How Not to Break the Bank When Guests Come to Town


Since relocating to Nashville, we have had a steady stream of out-of-town visitors. We are kind of like a free BNB without enough beds and with cereal for breakfast.

I’m not complaining. Our houseguests have made this transition smoother for our family. Every time someone stays, it reinforces what we told the kids from the beginning. We aren’t losing our friends — we are just adding to the number of people we love.

When familiar faces walk through the door with bags in hand, our hearts fill with joy.

But it isn’t without struggles.

Everyone knows having guests can be a lot of work. No matter how much you sugarcoat it. And no matter how many times you are told not to worry about the house being clean or sheets being washed. No matter how many times someone says they don’t need anything — a trip to the grocery will still be in order. 

At least that’s how it is for me. Maybe some of you are are able to let all of that stuff go, but I know myself well enough to know I can’t. I cannot have someone sleep on dirty sheets. I just can’t. (And if my grandmother were alive today, she would applaud me for typing that sentence.) This isn’t a college fraternity or sorority. This is a proper, grown-up house. 

I’m not saying it’s not worth the sheet washing. What each of these guests bring when they walk through our door is worth every bathroom scoured and every load of laundry run. 

I wouldn’t change a thing. Well, that’s not quite true. I would change one thing. 


My husband and I are quickly learning that entertaining on a regular basis can be, well . . . expensive.  

For those of you who, like us, have a steady stream of visitors eager to hang out and soak up every bit of marvelous that this city has to offer, here are five cost-saving tips that are sure to keep you from breaking the bank when guests come to town:

You don’t have to do everything you’ve ever wanted to do in Nashville in one weekend. 

And with kids in tow — who wants to? Dragging kids from one stop to the next without any rest in between can be a recipe for disaster. 

These guests are your buddies and are here to spend time with you. Yes, Nashville is awesome sauce, and we all want to dip our proverbial spoons in and bite off as much as we possibly can chew. But how about savoring it? How about choosing one or two special things to do over the weekend? Save the rest for a future visit! If these are your good buddies, they will be back again. No need to cram it all into one bite. 

Can’t decide what to do? Make it fun. Have your guests write down all of the things they would like to experience in Nashville on slips of paper. Throw them in a bowl, and draw one or two every morning to see what the day’s adventure will be.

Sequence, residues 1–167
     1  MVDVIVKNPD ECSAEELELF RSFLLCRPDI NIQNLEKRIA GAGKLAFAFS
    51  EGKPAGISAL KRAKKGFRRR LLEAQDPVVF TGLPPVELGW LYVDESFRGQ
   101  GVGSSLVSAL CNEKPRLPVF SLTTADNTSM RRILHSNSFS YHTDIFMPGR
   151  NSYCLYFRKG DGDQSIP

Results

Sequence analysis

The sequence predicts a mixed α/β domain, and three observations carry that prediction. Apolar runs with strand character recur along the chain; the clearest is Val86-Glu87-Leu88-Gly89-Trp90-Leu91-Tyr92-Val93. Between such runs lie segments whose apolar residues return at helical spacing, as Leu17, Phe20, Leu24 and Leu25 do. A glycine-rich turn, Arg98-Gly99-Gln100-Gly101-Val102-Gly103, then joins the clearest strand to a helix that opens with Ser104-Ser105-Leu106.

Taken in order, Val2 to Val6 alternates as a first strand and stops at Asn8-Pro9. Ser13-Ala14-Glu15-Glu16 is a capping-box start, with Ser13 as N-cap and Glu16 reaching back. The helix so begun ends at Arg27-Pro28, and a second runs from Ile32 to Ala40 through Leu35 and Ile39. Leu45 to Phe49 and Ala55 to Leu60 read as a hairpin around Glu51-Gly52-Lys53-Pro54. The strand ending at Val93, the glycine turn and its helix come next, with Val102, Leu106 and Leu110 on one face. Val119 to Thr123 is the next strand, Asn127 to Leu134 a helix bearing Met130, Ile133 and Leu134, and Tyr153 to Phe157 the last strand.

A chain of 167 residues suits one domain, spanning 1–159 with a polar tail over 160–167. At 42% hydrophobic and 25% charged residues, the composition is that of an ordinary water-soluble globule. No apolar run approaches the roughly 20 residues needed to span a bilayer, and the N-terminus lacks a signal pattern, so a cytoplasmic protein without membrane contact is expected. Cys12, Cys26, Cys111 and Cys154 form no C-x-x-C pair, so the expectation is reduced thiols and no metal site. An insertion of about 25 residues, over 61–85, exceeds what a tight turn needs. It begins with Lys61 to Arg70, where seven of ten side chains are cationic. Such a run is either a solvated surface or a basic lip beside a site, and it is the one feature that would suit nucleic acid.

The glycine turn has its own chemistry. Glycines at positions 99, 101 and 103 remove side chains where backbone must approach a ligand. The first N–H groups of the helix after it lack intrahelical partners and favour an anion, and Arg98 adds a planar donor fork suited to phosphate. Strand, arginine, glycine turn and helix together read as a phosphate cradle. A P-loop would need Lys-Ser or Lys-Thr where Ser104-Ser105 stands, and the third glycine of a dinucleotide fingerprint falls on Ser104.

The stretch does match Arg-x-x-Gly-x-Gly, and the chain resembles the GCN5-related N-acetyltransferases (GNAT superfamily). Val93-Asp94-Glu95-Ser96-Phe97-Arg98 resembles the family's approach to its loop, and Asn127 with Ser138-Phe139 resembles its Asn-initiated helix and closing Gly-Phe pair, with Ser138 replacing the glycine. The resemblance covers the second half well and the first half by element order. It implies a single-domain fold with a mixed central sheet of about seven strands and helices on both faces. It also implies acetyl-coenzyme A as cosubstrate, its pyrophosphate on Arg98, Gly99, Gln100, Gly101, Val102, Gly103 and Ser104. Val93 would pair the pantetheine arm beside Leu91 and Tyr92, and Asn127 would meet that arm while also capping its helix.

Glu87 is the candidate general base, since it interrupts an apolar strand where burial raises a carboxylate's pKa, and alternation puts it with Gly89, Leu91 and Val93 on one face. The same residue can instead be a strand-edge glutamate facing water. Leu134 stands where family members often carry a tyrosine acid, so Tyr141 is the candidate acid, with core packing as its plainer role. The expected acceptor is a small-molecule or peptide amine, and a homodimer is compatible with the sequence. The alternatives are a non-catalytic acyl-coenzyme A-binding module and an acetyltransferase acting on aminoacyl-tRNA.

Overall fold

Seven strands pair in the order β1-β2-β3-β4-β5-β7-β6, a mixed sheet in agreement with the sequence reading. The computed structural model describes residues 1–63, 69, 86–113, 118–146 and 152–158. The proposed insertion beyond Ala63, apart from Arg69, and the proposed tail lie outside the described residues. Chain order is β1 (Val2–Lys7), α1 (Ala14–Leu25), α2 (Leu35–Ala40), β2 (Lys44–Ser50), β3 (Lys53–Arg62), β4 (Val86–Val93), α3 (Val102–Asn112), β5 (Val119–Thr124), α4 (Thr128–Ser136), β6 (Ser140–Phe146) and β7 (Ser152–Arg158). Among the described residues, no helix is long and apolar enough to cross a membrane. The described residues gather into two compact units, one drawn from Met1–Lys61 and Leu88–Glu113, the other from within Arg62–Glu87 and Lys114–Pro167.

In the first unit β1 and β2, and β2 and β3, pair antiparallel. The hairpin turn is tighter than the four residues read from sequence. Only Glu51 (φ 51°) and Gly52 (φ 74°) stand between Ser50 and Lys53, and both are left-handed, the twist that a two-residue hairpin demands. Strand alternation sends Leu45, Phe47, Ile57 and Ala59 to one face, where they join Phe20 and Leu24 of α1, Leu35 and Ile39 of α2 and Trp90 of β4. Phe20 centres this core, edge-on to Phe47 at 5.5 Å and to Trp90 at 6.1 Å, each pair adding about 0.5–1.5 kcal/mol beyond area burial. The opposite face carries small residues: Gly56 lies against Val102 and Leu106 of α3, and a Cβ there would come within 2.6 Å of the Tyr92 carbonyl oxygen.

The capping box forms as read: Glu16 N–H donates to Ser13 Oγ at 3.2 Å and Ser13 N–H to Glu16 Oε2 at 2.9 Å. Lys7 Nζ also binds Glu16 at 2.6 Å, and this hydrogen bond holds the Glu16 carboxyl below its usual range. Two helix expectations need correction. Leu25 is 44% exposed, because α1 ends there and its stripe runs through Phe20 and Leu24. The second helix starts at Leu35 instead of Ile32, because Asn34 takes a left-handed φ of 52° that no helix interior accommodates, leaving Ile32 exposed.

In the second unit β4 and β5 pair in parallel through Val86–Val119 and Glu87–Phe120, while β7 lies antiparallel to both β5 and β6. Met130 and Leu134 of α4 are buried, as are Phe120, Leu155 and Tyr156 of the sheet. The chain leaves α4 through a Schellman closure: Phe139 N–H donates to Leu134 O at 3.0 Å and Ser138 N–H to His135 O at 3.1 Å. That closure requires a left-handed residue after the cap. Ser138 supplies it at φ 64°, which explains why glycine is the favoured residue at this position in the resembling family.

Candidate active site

Heading downtown? Park at the Tennessee Titans/Nissan Stadium for FREE. 

Yep. You heard me right. Free parking in the city! Say what?! 

As long as there are not events taking place at the stadium, you can park in the “R” lot for free and walk across The Pedestrian Bridge toward the bright lights of the city. Not only is it free, but it’s also a good workout with a fantastic view — not to mention the perfect place for a family photo opp. 

Pack a picnic, load up the car and head to Centennial Park . . . or any park for that matter.

Believe it or not, spring is around the corner. That means warmer weather will be here before we know it. Yes-haw! It’s time to get out, enjoy some fresh air, and let the kids be, well—kids. They will be happy to run, jump, play and get all of those wiggles out. 

Enjoy a meal or two at home.

With such an exceptional food scene in Nashville, this may be hard for some of you foodies out there. But I have found that if we have simple breakfast foods in the morning and sandwiches for lunch — it really cuts back on cost. Still wanting to enjoy some Nashville hot chicken or Bar-B-Que? Pick up the main course for dinner from your favorite spot and make some sides to go with it.

Know you are going to be out and about all day enjoying the Nashville scene? Throw some food in the crockpot before you head out the door. Then, when you get home from a day of fun, you will have the satisfaction of knowing there is a hot meal waiting for you (for a fraction of the price).

Listen to FREE live music.

You know what they say . . . “When in Music City.” (I don’t think anyone ever really says that, but you get the idea.) What do people think when they think Nashville? Music. 

It’s everywhere, it’s awesome, and it’s calling your name. 

And the best part? In many places, you don’t have to pay a penny to hear talented musicians belting out familiar tunes. And there are lots of places to take the kids along too.

Another thing to remember is it’s always good to ask visitors what their expectations are before they arrive. At that time, you can also let them know what your limitations are. Remember, it’s okay for them to head off and do something on their own. If there is something they really want to do, but it doesn’t work with your family budget? That’s okay. You don’t want to go broke—or grow resentful.

And in asking about expectations, we have found that some friends really don’t want to do much. They are happy just hanging out at our house and letting the kids play. It really varies from family to family. 

Our next guests arrive in nine days, and conversations about expectations have already been had. We look forward to making memories with our loved ones and not going broke in the process. I am learning it is possible to have your guests and keep some money in the bank too.


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